Some power industry historians posit that the LWR triumphed over several other reactor designs because of technical and economic advantages. General Electric, for example, spearheaded the commercialization of the BWR because the design was seen as the least risky available alternative. But initial decisions set the playing field for later ones.
To encourage investment in the costly new technology by risk-averse utilities, the AEC subsidized an extended a series of demonstrations between 1953 and 1960 under the Power Reactor Demonstration Program (PRDP). While the program included reactor types other than LWRs, the PRDP did not provide sufficient assurances about cost competitiveness for any nuclear models, which led to a period in which the government subsidized construction and demonstration. That included underwriting research and development and design costs, government ownership of the reactor, and fuel allowance clauses.
Cost concerns prompted General Electric and Westinghouse to offer reactors with larger generating capacities. Initial acceptance, starting with the Oyster Creek plant in New Jersey, eventually laid the foundation for the first turnkey plant contracts—characterized by vendor offers to construct and guarantee plant operability at a fixed price.
Critical to these sales were assumptions that nuclear plants could compete with fossil fuel plant costs at the time, but by 1966, when the first 25 nuclear plants had been deployed, capital cost investments were still roughly twice what they had been estimated when purchased.
That looked like trouble for nuclear, but then came a sharp surge in coal prices later in the 1960s, alongside the establishment of a concerted and expanding grassroots environmental movement. By the early 1970s, nuclear innovation began a ramp-up to meet market demand for fuel diversification. Fuel diversification during and after the oil crisis in 1973 offered another lucrative avenue for nuclear. Through it all, accidents—prominently, Three Mile Island in 1979, Chernobyl in 1986, and Fukushima in 2011—reshaped design innovation, spurring safer designs for reactor and fuel technology.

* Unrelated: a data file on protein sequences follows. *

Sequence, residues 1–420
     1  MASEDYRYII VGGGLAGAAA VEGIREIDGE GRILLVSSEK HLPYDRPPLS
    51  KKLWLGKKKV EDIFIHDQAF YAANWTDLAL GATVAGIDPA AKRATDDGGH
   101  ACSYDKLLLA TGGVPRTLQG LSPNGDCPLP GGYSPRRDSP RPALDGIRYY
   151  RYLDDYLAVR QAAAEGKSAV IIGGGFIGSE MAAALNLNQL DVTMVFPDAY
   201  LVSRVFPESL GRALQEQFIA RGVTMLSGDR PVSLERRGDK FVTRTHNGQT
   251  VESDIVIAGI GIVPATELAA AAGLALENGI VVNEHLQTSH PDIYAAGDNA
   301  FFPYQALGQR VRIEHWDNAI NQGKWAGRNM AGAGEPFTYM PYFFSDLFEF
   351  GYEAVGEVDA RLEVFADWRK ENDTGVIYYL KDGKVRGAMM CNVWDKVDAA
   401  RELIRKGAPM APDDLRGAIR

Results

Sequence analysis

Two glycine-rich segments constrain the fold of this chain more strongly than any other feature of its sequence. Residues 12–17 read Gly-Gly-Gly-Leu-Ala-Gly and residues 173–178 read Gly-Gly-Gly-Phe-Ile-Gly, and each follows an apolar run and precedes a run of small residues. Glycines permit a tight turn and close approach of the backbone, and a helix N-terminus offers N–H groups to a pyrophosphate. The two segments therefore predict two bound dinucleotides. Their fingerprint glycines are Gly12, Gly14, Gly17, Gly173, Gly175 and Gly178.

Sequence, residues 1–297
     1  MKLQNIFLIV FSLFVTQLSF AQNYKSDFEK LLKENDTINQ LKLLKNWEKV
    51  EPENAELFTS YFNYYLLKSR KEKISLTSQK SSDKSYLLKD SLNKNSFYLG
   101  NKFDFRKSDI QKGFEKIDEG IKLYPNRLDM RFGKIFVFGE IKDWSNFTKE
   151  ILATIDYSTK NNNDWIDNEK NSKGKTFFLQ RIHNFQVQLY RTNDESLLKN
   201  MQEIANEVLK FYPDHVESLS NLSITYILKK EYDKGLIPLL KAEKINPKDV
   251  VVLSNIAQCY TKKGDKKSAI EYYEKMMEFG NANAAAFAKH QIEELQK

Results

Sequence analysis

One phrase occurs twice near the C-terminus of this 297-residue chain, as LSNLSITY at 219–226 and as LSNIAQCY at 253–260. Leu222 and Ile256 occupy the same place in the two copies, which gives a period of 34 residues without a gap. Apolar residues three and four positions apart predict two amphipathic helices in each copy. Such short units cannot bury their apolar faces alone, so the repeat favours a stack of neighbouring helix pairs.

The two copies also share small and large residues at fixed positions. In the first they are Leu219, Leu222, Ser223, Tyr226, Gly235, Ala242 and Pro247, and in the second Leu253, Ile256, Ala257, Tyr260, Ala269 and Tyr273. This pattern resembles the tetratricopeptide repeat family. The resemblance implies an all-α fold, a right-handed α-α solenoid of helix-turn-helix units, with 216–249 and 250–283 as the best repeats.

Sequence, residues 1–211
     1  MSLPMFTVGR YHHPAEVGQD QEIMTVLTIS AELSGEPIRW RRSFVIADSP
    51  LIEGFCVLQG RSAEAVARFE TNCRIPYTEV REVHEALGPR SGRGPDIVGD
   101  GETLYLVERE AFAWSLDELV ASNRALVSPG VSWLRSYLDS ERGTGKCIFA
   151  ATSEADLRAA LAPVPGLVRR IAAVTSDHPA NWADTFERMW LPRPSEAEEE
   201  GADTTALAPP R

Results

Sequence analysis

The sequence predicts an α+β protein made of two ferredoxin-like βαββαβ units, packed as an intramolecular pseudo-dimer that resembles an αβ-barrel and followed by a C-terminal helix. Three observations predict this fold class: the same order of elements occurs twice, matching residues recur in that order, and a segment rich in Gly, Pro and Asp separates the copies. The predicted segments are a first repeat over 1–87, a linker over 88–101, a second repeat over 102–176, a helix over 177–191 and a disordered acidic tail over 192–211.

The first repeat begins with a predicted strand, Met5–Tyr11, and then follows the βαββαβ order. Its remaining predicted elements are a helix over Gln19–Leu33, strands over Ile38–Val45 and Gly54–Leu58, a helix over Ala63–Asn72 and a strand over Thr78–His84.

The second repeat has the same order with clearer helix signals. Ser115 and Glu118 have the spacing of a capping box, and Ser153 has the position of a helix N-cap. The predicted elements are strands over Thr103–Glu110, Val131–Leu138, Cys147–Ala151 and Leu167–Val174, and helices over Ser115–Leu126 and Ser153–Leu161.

Around the world, as in the United States, a healthy dose of scientific nationalism was overlaid on the economic factors driving (or stalling) nuclear innovation, particularly in the United Kingdom, France, Germany, and Canada. Domestic designs still comprise the bulk of these countries’ nuclear fleets. Canada, notably, chose to pursue a single design, a version of a pressurized heavy-water reactor (PHWR) called the CANDU (Canadian Deuterium Uranium), owing to the country’s abundance of uranium but lack of uranium enrichment resources. The conservative technical approach paid off in later years, given major changes in world fuel economies that made PHWR costs attractive and because CANDU fuel did not require reprocessing.
Meanwhile, technology uptake in several other countries evolved from technology transfer from vendors abroad into domestic development. That includes PWRs in France, Japan, South Korea, and China and BWRs in Japan. In these countries, governmental drive and international collaboration proved essential for the success of nuclear development. How future generations of reactors, which promise to be highly economical, incorporate enhanced safety, are digitally capable, produce minimal waste, and are resistant to proliferation, will fare will depend on a number of emerging factors, including economics, market viability, and application.